On the subway this morning, I was reading the March issue of O Magazine (Where else can you read an interview with the man who inspired "Hotel Rwanda," dish about motherhood with the creator of "Grey's Anatomy" and learn what to look for when buying new makeup brushes? It's genius!) when I stumbled upon a story that has me scrambling to set my TiVo.
On March 21, PBS stations across the country will air "Troop 1500," a documentary film that follows five girls in a program called "Girl Scouts Beyond Bars." The nationwide initiative, founded by the National Institute of Justice in 1992, works by uniting scouts with their incarcerated mothers during monthly meetings held in prison libraries and visiting rooms. "Troop 1500" directors Ellen Spiro and Karen Bernstein spent several years with the Texas troop, coming to intimately know the girls and their mothers and to understand up close the tangled ways in which incarceration can affect a family. More than 1.5 million children have a parent behind bars and statistics show that those children are themselves more likely to end up in the justice system. But Spiro and Bernstein hope that their film and innovative programs like "Girl Scouts Beyond Bars" will raise the support needed to reverse the cycle of crime and ease the suffering of millions of families.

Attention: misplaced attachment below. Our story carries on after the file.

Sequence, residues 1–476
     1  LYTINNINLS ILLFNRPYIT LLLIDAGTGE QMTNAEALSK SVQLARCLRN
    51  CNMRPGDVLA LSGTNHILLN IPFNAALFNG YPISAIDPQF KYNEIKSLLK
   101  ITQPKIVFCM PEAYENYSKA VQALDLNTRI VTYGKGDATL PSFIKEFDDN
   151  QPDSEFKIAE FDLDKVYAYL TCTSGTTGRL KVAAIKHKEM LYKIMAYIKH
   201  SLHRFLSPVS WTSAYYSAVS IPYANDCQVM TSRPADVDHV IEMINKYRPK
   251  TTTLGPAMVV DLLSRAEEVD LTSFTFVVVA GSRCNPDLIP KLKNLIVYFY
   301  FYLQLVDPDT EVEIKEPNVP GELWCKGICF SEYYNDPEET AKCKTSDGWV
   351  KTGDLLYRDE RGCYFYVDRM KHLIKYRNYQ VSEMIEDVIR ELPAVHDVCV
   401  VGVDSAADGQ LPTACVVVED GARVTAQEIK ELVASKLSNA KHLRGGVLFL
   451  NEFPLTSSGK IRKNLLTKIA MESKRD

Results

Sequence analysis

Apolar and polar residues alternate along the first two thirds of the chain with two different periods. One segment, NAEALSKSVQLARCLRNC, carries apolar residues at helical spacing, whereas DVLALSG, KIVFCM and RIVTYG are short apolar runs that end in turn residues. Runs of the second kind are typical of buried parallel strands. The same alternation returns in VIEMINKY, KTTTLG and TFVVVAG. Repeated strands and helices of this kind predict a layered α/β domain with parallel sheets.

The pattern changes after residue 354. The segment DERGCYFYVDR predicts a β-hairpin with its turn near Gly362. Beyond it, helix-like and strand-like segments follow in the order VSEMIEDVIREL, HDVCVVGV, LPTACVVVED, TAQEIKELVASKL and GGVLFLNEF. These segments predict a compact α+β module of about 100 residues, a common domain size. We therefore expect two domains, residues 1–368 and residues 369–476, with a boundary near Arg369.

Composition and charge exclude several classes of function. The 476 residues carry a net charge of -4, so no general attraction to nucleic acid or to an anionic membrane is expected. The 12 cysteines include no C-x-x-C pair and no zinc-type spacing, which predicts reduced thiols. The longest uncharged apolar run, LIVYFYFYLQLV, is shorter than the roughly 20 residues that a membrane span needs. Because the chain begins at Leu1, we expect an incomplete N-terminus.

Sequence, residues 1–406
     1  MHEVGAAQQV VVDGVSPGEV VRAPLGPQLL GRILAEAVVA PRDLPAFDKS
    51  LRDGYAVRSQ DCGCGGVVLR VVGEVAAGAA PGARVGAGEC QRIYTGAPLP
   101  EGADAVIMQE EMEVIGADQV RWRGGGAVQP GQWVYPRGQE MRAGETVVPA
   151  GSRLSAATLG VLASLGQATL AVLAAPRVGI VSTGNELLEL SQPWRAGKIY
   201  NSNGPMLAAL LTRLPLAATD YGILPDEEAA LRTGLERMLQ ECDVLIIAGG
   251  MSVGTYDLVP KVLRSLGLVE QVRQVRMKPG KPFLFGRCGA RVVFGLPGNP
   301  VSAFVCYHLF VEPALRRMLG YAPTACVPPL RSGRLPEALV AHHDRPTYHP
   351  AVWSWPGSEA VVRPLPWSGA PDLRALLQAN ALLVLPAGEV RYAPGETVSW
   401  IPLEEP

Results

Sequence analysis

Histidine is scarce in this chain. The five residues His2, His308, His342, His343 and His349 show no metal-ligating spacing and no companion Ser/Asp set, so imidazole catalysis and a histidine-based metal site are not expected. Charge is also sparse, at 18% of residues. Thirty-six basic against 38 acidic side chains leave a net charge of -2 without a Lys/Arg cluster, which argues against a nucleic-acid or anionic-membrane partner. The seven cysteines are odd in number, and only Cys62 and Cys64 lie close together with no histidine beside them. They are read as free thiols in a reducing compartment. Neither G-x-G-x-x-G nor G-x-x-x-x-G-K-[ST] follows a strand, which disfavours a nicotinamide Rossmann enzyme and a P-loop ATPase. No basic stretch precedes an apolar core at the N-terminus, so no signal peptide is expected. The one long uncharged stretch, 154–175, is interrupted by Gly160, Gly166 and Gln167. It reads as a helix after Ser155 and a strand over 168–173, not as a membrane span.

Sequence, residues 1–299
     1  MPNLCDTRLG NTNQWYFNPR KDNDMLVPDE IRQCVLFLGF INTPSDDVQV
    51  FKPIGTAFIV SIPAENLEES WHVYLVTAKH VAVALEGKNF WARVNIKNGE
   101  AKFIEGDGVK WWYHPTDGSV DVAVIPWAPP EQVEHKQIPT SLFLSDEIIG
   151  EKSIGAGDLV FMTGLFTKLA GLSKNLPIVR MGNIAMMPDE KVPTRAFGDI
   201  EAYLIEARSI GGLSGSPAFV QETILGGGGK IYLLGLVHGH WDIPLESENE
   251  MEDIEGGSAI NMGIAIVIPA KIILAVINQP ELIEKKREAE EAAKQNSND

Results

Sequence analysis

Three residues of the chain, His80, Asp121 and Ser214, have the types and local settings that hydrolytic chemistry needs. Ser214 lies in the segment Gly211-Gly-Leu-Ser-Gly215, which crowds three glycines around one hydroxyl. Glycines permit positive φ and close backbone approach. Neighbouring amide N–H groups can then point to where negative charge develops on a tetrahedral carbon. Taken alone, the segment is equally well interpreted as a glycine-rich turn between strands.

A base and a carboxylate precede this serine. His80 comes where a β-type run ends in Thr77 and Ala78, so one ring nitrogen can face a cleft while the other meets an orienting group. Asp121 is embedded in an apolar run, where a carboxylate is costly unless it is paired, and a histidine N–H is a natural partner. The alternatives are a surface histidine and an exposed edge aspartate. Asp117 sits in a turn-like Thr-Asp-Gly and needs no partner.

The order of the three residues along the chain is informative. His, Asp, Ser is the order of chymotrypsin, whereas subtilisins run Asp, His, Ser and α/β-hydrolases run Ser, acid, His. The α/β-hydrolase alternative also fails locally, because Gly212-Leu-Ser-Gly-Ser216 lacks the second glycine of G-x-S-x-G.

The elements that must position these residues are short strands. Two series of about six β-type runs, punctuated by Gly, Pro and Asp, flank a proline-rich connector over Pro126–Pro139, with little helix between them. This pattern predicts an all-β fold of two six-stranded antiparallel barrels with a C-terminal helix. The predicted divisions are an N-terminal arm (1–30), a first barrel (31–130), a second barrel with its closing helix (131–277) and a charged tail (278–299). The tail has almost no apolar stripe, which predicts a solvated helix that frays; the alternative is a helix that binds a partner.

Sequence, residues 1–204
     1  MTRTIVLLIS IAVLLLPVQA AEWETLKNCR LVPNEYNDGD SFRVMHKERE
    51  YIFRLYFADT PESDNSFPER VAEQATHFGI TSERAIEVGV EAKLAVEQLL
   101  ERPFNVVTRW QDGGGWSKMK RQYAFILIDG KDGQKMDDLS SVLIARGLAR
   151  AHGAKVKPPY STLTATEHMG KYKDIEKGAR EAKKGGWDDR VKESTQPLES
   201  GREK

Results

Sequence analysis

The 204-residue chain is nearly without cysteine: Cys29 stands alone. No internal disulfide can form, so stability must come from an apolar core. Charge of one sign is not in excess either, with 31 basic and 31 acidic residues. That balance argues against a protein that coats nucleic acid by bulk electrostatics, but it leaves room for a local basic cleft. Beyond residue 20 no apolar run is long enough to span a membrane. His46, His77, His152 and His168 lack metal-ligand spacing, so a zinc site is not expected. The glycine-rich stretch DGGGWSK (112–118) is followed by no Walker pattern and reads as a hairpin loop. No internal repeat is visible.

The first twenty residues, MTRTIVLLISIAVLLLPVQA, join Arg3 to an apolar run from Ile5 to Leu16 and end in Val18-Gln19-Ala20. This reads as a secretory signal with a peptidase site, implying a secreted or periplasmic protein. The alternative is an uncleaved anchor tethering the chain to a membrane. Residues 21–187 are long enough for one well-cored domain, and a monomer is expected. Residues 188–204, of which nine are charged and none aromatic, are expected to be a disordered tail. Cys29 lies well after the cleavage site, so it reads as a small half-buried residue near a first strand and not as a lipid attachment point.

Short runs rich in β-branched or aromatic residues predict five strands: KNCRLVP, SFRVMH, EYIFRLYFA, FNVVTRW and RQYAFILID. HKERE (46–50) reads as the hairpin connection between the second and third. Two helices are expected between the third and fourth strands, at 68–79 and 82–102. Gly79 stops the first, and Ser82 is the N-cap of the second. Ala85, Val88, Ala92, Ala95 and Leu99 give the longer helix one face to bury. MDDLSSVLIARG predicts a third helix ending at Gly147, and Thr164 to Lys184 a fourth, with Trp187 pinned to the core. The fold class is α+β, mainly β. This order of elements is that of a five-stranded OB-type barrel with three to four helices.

There are now more than 40 "Girl Scouts Beyond Bars" chapters nationwide. To learn more, click here.